CAIRO: The trade deficit dropped 2.7 percent to hit 21.59 billion EGP ($3.03 billion) in January, compared to 22.2 billion EGP in the same month last year, the Central Agency for Public Mobilization and Statistics (CAPMAS) revealed late Thursday.
In December, trade deficit declined 21.4 percent to hit 18.04 billion EGP ($3.38 billion) in December 2013, compared to 22.95 billion EGP in December 2012.
The value of exports decreased by 4.4 percent, registering 15.44 billion EGP during January 2014 versus 16.15 billion EGP in the corresponding month last year, CAPMAS said in its Monthly Bulletin for Foreign Trade for January.
CAPMAS attributed the decline to the value decrease of some commodities such as petroleum products, fresh orange, tiles and sanitary fixtures, articles of plastic, and carbon.
The value of imports fell by 3.4 percent as it reached 37.03 billion EGP during January 2014, down from 38.35 billion EGP for the same month in 2013. The report cited the value decrease of some commodities such as wheat, petroleum products, drugs and pharmaceutical, and copper.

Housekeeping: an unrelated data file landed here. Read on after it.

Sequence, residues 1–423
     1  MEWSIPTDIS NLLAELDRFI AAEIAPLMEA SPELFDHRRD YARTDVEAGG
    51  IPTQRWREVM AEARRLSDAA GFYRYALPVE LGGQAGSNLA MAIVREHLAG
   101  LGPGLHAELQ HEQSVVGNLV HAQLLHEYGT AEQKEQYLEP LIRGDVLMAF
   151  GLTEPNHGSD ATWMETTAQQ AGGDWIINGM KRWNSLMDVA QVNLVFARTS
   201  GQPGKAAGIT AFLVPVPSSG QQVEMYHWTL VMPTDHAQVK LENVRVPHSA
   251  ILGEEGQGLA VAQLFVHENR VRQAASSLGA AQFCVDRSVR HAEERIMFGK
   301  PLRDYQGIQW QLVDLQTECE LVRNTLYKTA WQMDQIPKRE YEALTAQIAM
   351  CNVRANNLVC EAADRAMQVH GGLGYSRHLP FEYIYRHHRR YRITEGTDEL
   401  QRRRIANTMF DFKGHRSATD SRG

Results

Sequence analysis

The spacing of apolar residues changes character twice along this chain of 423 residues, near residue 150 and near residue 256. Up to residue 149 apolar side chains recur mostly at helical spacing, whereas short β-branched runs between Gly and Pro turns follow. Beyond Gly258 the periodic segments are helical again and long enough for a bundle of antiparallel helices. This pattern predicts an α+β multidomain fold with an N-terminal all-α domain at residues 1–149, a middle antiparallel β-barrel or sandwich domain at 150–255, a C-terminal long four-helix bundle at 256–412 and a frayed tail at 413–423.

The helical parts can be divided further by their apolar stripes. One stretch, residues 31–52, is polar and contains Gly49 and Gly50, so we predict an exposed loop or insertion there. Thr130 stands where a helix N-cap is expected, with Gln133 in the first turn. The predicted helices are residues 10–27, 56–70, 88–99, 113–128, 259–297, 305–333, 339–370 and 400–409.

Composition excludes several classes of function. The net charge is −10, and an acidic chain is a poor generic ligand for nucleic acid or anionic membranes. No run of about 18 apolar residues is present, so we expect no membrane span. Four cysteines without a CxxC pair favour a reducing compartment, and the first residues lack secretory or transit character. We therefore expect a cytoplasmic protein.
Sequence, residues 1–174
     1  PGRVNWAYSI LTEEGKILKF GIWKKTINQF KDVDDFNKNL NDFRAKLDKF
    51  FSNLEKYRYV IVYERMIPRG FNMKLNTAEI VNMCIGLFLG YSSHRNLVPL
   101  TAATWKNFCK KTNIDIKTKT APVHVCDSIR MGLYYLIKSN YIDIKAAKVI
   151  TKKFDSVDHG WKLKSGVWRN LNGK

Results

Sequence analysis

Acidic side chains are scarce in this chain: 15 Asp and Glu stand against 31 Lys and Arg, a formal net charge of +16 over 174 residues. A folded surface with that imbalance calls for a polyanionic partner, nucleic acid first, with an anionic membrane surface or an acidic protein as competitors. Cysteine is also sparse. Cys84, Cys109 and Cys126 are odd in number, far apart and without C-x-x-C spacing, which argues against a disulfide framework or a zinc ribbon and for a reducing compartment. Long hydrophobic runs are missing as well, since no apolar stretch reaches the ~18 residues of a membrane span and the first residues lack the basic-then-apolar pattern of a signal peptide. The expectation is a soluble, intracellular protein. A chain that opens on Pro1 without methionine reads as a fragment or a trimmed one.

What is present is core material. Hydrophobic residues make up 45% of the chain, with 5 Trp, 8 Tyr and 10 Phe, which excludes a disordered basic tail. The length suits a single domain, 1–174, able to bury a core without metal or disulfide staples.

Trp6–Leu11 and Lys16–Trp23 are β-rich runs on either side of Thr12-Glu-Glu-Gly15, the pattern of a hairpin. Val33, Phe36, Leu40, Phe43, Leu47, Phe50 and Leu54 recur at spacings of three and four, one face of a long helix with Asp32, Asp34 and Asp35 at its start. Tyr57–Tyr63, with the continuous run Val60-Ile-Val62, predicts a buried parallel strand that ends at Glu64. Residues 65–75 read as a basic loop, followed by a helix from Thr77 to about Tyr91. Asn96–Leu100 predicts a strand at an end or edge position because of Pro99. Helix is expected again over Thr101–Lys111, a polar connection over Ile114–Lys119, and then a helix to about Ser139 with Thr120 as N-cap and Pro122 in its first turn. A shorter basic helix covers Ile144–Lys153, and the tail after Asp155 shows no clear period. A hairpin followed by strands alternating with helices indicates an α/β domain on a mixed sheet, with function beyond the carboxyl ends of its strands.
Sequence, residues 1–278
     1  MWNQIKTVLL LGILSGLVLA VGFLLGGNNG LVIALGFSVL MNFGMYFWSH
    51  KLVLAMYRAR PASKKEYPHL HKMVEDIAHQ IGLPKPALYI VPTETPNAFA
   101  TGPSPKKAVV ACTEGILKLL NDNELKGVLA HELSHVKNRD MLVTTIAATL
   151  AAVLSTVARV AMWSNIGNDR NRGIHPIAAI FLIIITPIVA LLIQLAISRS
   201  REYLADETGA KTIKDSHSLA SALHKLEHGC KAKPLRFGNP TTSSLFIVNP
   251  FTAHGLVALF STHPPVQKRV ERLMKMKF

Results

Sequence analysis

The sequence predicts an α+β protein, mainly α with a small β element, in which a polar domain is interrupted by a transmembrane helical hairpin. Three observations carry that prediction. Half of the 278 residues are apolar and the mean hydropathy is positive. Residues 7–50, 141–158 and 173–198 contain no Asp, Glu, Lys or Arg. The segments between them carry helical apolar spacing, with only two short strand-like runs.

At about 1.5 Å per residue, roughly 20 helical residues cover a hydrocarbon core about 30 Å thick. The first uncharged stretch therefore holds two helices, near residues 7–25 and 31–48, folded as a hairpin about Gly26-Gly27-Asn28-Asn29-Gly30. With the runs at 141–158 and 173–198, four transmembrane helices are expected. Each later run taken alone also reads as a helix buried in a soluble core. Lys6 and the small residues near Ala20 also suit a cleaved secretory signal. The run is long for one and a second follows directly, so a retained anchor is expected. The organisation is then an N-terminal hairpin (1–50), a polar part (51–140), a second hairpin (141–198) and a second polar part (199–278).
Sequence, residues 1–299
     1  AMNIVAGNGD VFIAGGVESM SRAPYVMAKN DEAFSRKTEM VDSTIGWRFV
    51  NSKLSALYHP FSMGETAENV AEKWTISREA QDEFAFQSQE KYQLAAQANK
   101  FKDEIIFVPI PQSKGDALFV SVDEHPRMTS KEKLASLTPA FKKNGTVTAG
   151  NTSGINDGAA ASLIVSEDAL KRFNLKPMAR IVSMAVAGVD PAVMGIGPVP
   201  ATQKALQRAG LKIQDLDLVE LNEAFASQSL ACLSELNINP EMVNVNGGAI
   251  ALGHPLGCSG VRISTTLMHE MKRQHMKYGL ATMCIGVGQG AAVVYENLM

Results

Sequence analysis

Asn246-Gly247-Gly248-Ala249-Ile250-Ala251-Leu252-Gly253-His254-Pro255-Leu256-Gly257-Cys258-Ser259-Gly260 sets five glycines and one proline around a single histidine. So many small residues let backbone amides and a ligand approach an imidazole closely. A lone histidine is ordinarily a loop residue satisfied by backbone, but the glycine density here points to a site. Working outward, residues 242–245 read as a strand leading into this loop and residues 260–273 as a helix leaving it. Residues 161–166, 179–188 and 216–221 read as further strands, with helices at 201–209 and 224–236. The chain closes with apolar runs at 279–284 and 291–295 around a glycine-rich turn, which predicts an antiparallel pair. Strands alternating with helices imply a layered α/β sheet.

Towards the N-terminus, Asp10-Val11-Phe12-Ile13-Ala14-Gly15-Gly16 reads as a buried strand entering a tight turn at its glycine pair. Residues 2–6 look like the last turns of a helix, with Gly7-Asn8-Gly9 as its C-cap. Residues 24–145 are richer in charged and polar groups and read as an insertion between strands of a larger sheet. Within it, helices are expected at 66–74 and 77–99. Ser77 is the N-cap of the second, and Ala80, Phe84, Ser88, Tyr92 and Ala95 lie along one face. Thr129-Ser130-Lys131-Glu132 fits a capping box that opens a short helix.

Egypt has been trying hard to revive its limping economy plagued by political unrest since the ouster of President Hosni Mubarak in the wake of the January 25 Revolution in 2011, with lower tourism revenues and less investments.
However, $12 billion aid pledged to Egypt by Gulf States – Saudi Arabia, Kuwait and United Arab Emirates – after the ouster of Islamist President Mohamed Morsi on July 3, 2013, helped the government commit to its obligations.
The budget deficit is expected to range between 11 to 12 percent, 240 billion EGP, by the end of the fiscal current year 2013/2014, according to data from the Ministry of Finance.